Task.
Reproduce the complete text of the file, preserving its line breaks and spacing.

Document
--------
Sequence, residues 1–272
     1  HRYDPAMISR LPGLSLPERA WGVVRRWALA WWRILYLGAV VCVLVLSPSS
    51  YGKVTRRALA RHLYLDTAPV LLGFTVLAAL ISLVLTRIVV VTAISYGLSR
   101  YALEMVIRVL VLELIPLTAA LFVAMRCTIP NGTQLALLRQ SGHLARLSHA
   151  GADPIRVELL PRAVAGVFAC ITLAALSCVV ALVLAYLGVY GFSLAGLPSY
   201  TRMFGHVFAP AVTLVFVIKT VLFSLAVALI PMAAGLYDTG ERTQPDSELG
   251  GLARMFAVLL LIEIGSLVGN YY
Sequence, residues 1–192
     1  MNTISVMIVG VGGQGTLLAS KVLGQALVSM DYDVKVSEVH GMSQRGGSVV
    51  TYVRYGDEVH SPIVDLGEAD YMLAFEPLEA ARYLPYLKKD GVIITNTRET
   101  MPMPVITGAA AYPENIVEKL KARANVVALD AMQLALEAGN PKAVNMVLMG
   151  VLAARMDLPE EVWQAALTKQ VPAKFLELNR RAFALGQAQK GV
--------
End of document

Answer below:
Sequence, residues 1–272
     1  HRYDPAMISR LPGLSLPERA WGVVRRWALA WWRILYLGAV VCVLVLSPSS
    51  YGKVTRRALA RHLYLDTAPV LLGFTVLAAL ISLVLTRIVV VTAISYGLSR
   101  YALEMVIRVL VLELIPLTAA LFVAMRCTIP NGTQLALLRQ SGHLARLSHA
   151  GADPIRVELL PRAVAGVFAC ITLAALSCVV ALVLAYLGVY GFSLAGLPSY
   201  TRMFGHVFAP AVTLVFVIKT VLFSLAVALI PMAAGLYDTG ERTQPDSELG
   251  GLARMFAVLL LIEIGSLVGN YY
Sequence, residues 1–192
     1  MNTISVMIVG VGGQGTLLAS KVLGQALVSM DYDVKVSEVH GMSQRGGSVV
    51  TYVRYGDEVH SPIVDLGEAD YMLAFEPLEA ARYLPYLKKD GVIITNTRET
   101  MPMPVITGAA AYPENIVEKL KARANVVALD AMQLALEAGN PKAVNMVLMG
   151  VLAARMDLPE EVWQAALTKQ VPAKFLELNR RAFALGQAQK GV